Mac Martial Arts: deadly warriors or agents of mighty justice?

By Daniel Kerwin

As you go about your daily life, molding yourself into the global citizen that Macalester strives for you to be, other students work behind the scenes to mold themselves into something else: deadly weapons.There is indeed a strong presence on campus of students training in the martial arts, but the above statement may be an exaggeration. These students may fall short of being undercover ninjas, but for them martial arts training is nothing to laugh about.

“I don’t know of many other sports where you can kick someone in the head and have them laugh in response,” Keaton White ’09 said.

Alright, maybe there is some laughter involved.

Martial arts at Macalester go back to the early 1980s, when Anita Bendickson started a Karate class. Bendickson has instructed the class on and off since then and is currently teaching the class this semester.

Bendickson is a distinguished instructor; she co-operates the Midwest Karate Association of St. Paul, has been a two-time American Amateur Karate Federation National Women’s Kumite Champion and has achieved fifth-degree black belt, the highest degree being tenth.

“No-one in the world has tenth, you have to die to get it,” Tue Tran ’11 said. “They seem to think the only way to attain perfection is to be a spirit.”

The majority of students in the class have only recently been introduced to the world of martial arts.

“A lot get into it because they want to get some self defense, and it’s interesting, a good workout,” Bendickson said. “The martial arts teach a lot about self confidence and concentration. It’s not usually explicit, but implicit in the training. You learn it because of what your body does, not because a teacher says it over and over.”

This year’s class is a little different than previous years, with an unusually high number of people making the commitment to test for the next belt level. Last semester Tran was the only one to test, but this semester seven people will be testing. Because of the high number of testers, Joel Ertl, Bendickson’s co-instructor the Midwest Karate Association of St. Paul, will be coming to campus to administer the test.

Despite the large turnout of beginners, some students come into the class with past experience in the martial arts, be it that they took classes at a young age or that they have experience training in another discipline. Tran is a combination of both, having taken Karate classes when he was young and training in Kung Fu and Jujitsu before coming to Mac. His perception of martial arts has changed since he’s been in the class.

“When I came in I just wanted to beat people up,” Tran said. “Now I just want to get the moves right. It’s kind of like doing art.”

Even though Tran calls Karate a “more direct, in your face kind of style” compared to his other disciplines, he’s gained an appreciation for the defensive nature of Karate.

“You shouldn’t always just be the first person to throw a punch,” Tran said. “Fighting isn’t just about who wins; fighting in itself can be beautiful.”

Macalester has had other martial arts classes in the past. As recently as a year and a half ago there was a Tae Kwon Do class taught by brothers Mark and Michael Dawson, who are also Macalester graduates, but the class dissolved after the old athletic facility was torn down. The Karate class however has had a firm enough grasp on campus that it has been able to stick around.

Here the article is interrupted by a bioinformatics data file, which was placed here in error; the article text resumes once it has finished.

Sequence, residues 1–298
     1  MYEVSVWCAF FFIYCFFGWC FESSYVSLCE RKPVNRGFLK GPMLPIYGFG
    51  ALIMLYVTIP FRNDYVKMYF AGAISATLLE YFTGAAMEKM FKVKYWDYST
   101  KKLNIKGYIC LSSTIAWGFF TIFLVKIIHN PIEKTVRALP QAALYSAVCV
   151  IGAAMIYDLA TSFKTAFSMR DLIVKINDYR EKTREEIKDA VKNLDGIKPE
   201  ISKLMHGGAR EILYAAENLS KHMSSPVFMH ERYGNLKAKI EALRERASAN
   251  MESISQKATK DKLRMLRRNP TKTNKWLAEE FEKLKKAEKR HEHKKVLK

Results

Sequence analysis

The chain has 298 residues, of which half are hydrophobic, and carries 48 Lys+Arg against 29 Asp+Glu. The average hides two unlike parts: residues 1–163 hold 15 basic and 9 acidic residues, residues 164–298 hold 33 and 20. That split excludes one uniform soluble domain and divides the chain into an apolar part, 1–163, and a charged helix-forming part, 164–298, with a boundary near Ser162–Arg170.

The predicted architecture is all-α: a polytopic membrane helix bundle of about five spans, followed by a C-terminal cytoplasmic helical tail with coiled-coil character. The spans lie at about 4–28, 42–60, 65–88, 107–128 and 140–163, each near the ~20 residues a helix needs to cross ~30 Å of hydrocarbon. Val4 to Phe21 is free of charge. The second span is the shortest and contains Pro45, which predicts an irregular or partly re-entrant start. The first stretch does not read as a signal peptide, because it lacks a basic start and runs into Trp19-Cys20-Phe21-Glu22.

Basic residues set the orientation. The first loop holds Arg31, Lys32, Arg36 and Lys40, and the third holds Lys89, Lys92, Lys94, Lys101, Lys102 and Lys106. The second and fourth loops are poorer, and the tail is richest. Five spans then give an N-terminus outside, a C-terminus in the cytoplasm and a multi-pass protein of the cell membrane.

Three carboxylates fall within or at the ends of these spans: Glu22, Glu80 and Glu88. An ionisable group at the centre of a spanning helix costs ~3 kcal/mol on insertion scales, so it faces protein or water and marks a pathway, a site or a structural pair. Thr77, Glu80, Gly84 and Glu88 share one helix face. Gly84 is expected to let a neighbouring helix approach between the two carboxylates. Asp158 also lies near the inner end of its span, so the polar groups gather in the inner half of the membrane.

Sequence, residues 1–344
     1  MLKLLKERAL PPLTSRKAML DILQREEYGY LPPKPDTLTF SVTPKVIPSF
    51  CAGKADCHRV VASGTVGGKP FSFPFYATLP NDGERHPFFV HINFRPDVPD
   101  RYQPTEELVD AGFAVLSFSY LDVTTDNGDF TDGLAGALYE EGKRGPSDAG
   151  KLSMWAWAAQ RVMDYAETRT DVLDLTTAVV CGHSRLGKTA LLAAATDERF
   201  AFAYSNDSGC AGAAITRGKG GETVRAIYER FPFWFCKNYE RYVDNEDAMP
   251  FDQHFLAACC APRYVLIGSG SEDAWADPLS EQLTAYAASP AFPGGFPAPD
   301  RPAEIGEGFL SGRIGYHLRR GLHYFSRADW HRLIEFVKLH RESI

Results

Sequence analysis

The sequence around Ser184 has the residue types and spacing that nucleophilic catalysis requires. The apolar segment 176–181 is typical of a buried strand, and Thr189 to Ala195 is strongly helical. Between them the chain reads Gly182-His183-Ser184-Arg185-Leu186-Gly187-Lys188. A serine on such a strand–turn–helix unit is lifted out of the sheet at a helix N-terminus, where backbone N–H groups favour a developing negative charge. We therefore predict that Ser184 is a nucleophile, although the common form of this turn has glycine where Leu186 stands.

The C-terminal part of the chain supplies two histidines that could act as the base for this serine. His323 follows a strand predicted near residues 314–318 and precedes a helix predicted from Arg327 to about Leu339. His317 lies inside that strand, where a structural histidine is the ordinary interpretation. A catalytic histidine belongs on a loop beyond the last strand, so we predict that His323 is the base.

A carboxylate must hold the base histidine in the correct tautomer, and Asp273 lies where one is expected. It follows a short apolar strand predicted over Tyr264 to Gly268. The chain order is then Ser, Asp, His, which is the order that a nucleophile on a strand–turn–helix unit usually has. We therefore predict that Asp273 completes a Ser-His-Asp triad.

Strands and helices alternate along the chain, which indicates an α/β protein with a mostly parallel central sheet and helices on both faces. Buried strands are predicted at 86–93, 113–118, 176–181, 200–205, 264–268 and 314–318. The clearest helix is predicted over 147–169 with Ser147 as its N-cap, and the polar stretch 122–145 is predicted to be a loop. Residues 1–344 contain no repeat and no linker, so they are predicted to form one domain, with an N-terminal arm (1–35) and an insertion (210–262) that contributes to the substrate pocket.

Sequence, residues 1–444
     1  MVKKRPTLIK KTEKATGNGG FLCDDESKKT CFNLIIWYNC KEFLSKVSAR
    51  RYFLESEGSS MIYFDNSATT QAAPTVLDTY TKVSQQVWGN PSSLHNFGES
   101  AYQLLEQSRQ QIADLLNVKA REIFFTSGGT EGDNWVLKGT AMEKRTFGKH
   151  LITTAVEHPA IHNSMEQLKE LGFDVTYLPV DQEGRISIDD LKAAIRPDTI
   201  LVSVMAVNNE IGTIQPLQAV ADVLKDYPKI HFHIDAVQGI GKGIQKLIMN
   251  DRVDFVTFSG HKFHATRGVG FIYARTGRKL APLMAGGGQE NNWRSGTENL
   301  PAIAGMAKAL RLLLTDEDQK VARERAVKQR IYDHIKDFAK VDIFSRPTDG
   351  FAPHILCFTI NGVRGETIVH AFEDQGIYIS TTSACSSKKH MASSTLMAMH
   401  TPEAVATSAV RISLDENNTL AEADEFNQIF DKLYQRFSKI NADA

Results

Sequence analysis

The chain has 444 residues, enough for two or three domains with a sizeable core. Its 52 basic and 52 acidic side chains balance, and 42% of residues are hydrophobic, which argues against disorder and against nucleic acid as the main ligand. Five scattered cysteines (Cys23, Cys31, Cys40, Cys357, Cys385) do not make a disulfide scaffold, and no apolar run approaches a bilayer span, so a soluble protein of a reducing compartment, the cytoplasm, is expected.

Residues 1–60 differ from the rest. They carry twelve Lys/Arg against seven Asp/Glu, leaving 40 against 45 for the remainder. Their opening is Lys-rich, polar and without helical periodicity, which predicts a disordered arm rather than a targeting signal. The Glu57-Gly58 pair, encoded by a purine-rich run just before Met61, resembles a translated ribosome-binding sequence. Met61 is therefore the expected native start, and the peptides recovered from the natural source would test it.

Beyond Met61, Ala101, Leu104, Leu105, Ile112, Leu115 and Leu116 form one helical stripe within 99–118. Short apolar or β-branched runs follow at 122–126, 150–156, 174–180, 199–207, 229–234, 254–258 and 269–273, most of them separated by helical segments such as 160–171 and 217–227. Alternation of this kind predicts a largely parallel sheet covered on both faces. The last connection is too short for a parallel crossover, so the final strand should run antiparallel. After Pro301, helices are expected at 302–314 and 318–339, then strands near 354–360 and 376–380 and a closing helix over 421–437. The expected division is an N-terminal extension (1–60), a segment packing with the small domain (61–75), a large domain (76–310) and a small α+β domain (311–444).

“It’s really established. Every time something goes wrong they find a room for us,” Keaton White ’09 said. “We’re really resilient like that.”

Currently that room is the IHM gym, but this year they have also bounced around between Kagin, the basement of the theatre department, 10K and even the lawn outside the art building.

White is another student for whom the martial arts are more than skin deep. White also took classes as a kid, more recently taking up Aikido during high school. For him the martial arts have grown to have more of a philosophical function, becoming a tool that he has adapted to his own everyday experiences.

His commitment to martial arts at Macalester goes far beyond the Karate class. He’s also heavily involved in the Macalester Martial Arts Club (MMAC).

“MMAC started off as a group of Caribbean black belts who wanted to practice on a regular basis,” Kacy-Ann West ’08 said. “However, as time passed as the group became more known on campus, other Mac students who had no previous experience with martial arts wanted to join.”

The club functions as a community for students involved in different styles of martial arts. Members teach free classes based on their specific styles, but there is also a workout/physical fitness class and a weapons class.

“The classes offered are based on what club members are willing to teach, as all of our instructors are also Macalester students, and frequently change on a semester-by-semester basis,” Ashton Troia ’08 said.

The club also participates in tournaments, such as the Diamond Nationals, which are held in St. Paul during the fall, and at the end of the year the club puts together a martial arts show.

This year’s show will be held in the Campus Center on Friday, April 18th at 9:30 p.m. The show combines martial arts performances with a comedic script that is written by members of the club.

“Every year around this time we have an idea and think ‘that’ll be awesome,’ and then eleven months later we get around to writing the script,” White said. “It’s a little chaotic, but a lot of fun and we really make sure everyone has a good time doing it.”

I won’t give too much away from this year’s show, but for those of you that saw the show 3 years ago, look for the return of the Sword of Mighty Justice.

That’s right: justice. There’s nothing to fear; these student warriors may be deadly, but they’re on our side.